New Leadership for the Philadelphia Gun Violence Task Force

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Philadelphia, February 28, 2011:  District Attorney Seth Williams is pleased to announce that former State Representative Bryan Lentz will now be supervising the city’s Gun Violence Task Force. 

“I have known Bryan for decades now,” says District Attorney Seth Williams.  “He is not only a tremendous leader; he is also an innovative visionary.  The Gun Violence Task Force has done outstanding work since its inception in 2006.  In the past Al Toczydlowski has provided great leadership for this unit, and with Bryan now leading the charge I look forward to continued and even greater efforts from the Task Force.”

Bryan Lentz was the Democratic State Representative for Delaware County from 2006 until last year.  While in Harrisburg, Bryan advocated tirelessly to close the so called Florida loophole that allows people who are denied a gun permit in Philadelphia to receive one from Florida.  Research has shown that many of those guns have found their way onto Philadelphia streets, and have been involved in numerous crimes in the city.  Before becoming a legislator, Lentz was in private practice and he also served the Commonwealth in the District Attorney’s Office from 1993 to 1999.  While he was an Assistant District Attorney Bryan specialized in gang and violent crime prosecution. He officially becomes the Chief Supervising Special Assistant District Attorney for the Gun Violence Task Force on Monday, February 28, 2011.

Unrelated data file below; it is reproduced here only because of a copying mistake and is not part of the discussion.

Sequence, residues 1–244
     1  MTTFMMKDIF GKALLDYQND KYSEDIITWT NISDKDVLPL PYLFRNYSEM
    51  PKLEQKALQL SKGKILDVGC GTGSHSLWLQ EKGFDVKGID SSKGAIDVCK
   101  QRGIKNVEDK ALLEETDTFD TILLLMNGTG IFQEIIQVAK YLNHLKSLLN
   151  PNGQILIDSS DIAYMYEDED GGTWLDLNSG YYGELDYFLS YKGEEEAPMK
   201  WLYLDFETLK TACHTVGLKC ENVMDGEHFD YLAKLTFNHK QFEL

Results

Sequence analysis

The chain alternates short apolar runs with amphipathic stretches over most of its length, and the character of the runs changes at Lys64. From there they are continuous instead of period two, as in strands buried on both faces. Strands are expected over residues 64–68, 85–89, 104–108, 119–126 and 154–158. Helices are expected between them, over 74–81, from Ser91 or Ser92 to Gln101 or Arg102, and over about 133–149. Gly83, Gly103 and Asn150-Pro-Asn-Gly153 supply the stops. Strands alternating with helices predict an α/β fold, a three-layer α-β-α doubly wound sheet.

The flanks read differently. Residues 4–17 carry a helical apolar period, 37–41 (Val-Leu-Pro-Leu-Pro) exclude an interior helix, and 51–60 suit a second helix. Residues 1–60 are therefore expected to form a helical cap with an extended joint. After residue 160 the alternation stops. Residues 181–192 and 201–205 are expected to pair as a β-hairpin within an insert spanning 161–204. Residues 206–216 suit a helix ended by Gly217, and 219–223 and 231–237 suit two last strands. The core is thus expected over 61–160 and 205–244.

Since it began in December 2006, the Task Force has opened over 1550 investigations involving the illegal transfer of firearms, made over 500 arrests, and seized close to a thousand firearms.  In addition, the Task Force has assisted Philadelphia Police in solving numerous shootings, burglaries, robberies, and homicides.  To date, the Task Force has convicted over 330 individuals of straw purchasing and other gun trafficking offenses. 

With funding from the State Legislature, the Gun Violence Task Force was launched to attack the proliferation of illegal guns on city streets.  Composed of veteran investigators and seasoned prosecutors, and working in close coordination with the Philadelphia Police Department, the Task Force began operations in Southwest Philadelphia and has since expanded into all six of the city’s police Divisions.

Under Pennsylvania law, a convicted felon is prohibited from purchasing a firearm.  Licensed gun dealers require proof of identity and perform a record check prior to making a sale.  Unable to legally purchase firearms from a licensed dealer, felons use false identification or hire “Straws”, citizens with no criminal record, to purchase guns for them.  The “Straw”, after buying the gun and delivering it to the felon, frequently reports the gun as stolen in an attempt to avoid criminal responsibility when the gun is later used in a crime.  Felons also illegally purchase weapons “on the street” – most often guns stolen in burglaries.


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